Charles Cotton (1630-1687), "Anacreontick," in his Poems on Several Occasions
(London: Printed for Tho. Bassett..., 1689), pp. 88-89:
Fill a Boul of lusty Wine,
Briskest Daughter of the Vine;
Fill't untill it Sea-like flow,
That my cheek may once more glow.
I am fifty Winters old,
Bloud then stagnates and grows cold,
And when Youthfull heat decays,
We must help it by these ways.
Wine breeds Mirth, and Mirth imparts
Heat and Courage to our hearts,
Which in old men else are lead,
And not warm'd would soon be dead.
Now I'm sprightly, fill agen,
Stop not though they mount to ten;
Though I stagger do not spare,
'Tis to rock and still my Ear;
Though I stammer 'tis no matter,
I should doe the same with water;
When I belch, I am but trying
How much better 'tis than sighing;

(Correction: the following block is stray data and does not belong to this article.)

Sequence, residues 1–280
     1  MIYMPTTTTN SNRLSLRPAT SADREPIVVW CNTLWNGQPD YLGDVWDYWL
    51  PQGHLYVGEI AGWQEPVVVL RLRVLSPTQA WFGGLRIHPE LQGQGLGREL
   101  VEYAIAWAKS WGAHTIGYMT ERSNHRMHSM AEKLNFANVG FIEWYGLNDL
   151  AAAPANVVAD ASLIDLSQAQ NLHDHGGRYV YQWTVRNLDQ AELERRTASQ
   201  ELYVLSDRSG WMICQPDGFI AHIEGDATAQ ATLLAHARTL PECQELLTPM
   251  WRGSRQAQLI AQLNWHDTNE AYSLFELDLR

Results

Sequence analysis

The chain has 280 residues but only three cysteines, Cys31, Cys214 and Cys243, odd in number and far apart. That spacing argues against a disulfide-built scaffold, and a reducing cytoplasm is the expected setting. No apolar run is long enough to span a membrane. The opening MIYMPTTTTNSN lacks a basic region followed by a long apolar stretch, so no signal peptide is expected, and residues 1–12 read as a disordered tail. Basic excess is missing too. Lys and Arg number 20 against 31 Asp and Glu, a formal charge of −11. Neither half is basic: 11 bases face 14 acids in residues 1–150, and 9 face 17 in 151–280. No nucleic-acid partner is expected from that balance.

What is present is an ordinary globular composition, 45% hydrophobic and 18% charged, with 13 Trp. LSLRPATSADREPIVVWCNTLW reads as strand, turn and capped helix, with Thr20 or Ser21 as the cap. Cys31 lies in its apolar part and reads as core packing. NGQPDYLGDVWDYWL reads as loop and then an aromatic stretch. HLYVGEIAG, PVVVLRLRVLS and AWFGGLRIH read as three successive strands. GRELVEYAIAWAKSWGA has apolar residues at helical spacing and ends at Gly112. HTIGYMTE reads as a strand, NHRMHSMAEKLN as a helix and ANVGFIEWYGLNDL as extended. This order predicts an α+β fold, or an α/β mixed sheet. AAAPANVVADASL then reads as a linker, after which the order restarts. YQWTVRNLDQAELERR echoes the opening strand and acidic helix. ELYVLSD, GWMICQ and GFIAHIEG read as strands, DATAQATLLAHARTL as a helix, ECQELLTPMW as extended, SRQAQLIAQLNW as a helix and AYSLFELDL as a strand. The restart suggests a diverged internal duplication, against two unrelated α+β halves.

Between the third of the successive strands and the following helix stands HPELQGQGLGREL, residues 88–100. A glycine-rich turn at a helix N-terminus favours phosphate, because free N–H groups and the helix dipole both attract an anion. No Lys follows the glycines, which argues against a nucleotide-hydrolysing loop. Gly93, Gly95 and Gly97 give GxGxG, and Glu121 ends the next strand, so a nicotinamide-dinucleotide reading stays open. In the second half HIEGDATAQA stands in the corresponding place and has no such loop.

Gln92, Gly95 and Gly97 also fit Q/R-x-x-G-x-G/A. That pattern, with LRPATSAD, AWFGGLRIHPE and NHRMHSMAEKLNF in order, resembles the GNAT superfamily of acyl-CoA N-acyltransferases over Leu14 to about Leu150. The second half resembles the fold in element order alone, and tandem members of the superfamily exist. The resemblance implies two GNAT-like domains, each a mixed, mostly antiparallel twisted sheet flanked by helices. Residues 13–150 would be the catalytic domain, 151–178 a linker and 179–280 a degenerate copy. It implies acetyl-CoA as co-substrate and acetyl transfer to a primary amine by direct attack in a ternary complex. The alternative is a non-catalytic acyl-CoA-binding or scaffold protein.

If a tear spring in mine eye,
'Tis for joy not grief I cry:
This is living without thinking.
These are the effects of drinking.
Fill a main, (Boy) fill a main,
Whilst I drink I feel no pain;
Gout or Palsie I have none,
Hang the Chollick and the Stone;
I methinks grow young again,
New bloud springs in ev'ry vein;
And supply it (Sirrah) still,
Whilst I drink you sure may fill:
If I nod, Boy, rouse me up
With a bigger fuller Cup;
But when that, Boy, will not doe,
Faith e'en let me then goe to,
For 'tis better far to lie
Down to sleep than down to dye.